Friday, April 16, 2010

Men of Harlech 2

Watching rugby, Wales vs Aust, with two exiled Welshmen, I was surprised that I was the only one of the three who knew the Welsh national anthem - "O Land of My Fathers" - learned at primary school, of course.
"Men of Harlech", also...but my memory has been short circuited by university songs.

Learned in primary school:
"Men of Harlech in the hollow, Do you hear the ---......ow,Wave on wave, like rushing billow? Battle's distant sound.
"Tis the sound of Saxon foemen, Saxon spearmen, Saxon bowmen. Be they knights, or hinds or yeoman, They shall bite the ground".

Now, I used to know the rest, as I learned it, but, as the melody changes, the memory has been totally supplanted by University songs:
"Some of us are mining. Some in Arts reclining. More and more embrace the law and revel in its method of refining.
Some are fools and some are clever, Faculties divide and sever,
Still, we all belong for ever, to our varsity."

That, in the 15th century, Harlech was beseiged by Saxons, sums up about all I know of Wesh history, so thank you to those who prescribed that song back then.

Universities have changed immeasurably since the 60s. I assume that "university songs" may be a part of history also.


Relatively Retiring said...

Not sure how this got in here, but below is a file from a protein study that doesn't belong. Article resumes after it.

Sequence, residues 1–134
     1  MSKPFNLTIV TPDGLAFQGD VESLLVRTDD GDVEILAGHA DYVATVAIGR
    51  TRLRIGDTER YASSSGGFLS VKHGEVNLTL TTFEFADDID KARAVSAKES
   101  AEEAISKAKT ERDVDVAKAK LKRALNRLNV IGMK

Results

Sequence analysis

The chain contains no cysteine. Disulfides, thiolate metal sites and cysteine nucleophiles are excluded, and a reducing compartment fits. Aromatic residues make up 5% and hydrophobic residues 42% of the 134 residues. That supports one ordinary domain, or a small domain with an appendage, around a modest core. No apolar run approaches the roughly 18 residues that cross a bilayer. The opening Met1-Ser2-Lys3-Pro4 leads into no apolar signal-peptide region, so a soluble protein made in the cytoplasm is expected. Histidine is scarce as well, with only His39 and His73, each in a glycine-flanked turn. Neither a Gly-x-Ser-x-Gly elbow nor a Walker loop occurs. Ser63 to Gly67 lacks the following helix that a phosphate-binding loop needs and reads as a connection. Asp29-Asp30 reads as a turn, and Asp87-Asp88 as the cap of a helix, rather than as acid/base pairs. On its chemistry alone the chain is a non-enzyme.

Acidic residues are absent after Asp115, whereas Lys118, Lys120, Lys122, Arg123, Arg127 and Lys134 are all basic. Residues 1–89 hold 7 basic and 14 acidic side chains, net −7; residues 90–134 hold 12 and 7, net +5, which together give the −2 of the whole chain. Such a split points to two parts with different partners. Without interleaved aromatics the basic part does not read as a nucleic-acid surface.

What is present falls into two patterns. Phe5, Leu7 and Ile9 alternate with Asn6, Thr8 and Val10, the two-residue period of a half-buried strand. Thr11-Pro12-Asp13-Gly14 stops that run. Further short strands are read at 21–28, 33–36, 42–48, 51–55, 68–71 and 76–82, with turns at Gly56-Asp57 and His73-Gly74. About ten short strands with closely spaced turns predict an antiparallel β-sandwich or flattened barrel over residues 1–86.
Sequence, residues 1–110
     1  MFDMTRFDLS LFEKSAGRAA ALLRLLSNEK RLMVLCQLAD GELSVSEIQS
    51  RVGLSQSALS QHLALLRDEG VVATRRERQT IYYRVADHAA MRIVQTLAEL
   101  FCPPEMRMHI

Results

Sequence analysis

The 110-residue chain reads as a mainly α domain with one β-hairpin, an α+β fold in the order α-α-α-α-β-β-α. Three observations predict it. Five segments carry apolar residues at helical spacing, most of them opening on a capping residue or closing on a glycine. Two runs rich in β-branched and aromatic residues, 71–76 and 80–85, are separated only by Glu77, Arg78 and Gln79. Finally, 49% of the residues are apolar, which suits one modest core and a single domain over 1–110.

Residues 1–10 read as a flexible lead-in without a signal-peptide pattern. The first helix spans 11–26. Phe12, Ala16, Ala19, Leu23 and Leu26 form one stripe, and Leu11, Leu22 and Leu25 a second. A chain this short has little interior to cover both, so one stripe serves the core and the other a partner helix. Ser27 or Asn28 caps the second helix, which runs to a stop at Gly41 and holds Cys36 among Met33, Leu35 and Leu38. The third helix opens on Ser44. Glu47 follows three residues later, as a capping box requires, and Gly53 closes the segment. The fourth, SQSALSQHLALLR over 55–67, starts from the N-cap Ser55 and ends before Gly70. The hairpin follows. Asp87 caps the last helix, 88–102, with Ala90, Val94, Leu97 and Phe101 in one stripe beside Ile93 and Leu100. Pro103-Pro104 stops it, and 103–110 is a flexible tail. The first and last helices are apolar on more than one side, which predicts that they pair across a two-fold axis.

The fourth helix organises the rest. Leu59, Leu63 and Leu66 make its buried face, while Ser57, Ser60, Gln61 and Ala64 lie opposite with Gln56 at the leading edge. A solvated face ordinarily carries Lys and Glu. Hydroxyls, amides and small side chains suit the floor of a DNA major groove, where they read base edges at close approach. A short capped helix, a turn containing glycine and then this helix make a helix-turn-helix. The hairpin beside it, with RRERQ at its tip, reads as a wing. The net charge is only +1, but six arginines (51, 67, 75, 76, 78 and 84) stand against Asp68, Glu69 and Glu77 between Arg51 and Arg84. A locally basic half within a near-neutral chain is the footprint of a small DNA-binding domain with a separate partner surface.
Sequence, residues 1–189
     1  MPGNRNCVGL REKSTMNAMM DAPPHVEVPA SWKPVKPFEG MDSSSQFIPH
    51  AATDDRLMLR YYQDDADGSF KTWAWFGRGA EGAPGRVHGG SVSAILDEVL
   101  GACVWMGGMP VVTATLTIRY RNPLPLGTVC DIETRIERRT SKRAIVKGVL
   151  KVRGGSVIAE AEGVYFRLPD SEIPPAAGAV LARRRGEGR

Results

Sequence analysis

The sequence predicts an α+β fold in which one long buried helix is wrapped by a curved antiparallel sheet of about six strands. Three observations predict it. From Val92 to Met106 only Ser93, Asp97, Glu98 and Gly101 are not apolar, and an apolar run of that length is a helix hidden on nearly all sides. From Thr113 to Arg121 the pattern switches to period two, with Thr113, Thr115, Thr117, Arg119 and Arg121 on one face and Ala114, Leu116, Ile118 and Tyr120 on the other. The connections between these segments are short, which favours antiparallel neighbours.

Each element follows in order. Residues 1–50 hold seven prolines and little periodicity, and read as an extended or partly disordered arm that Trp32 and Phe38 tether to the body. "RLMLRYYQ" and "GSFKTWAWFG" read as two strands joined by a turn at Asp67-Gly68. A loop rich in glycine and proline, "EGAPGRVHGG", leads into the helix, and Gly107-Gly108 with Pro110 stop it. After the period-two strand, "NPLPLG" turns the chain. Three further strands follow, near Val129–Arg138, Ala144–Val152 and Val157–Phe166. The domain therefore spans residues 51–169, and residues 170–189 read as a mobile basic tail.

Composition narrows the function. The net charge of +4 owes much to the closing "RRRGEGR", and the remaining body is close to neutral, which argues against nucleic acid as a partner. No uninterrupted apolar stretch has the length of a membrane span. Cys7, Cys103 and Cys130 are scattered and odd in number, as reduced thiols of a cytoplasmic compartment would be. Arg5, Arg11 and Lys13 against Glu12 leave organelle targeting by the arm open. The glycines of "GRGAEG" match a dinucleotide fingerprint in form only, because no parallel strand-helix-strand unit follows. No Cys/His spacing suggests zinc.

Oh,wonderful stuff - these Celtic songs to stir the the soul of the nation being adapted to bond the undergraduates!

Frances said...

Lovely to connect, Recently Retiring. Thank you so much for visiting, and I'm glad that you enjoyed it.

Susannah said...

Bizarre that you know the welsh national anthem.
ANU had no university songs that I was aware of.
Uppsala in contrast had dozens that were well entrenched in its history since 1477 - I loved it, even though I often had no idea what the words meant, I just knew that I was part of something big and magnificent.

Frances said...

That's a Welsh song, not the anthem, which begins: "O, Land of my fathers/ In great days of yore/Our...fought for freedom/On Mona's green shore./Thy speech, thy song/ To thee belong/Oh may they live always in Wales."

I don't know that it was bizarre: it was passing on a british heritage, that we were regarded as part of...(yes, I know that I've muddled that up). Nowadays, I don't think that they particularly pass on even an Australian heritage. Perhaps I am wrong.

Frances said...

I meant British, not british, of course.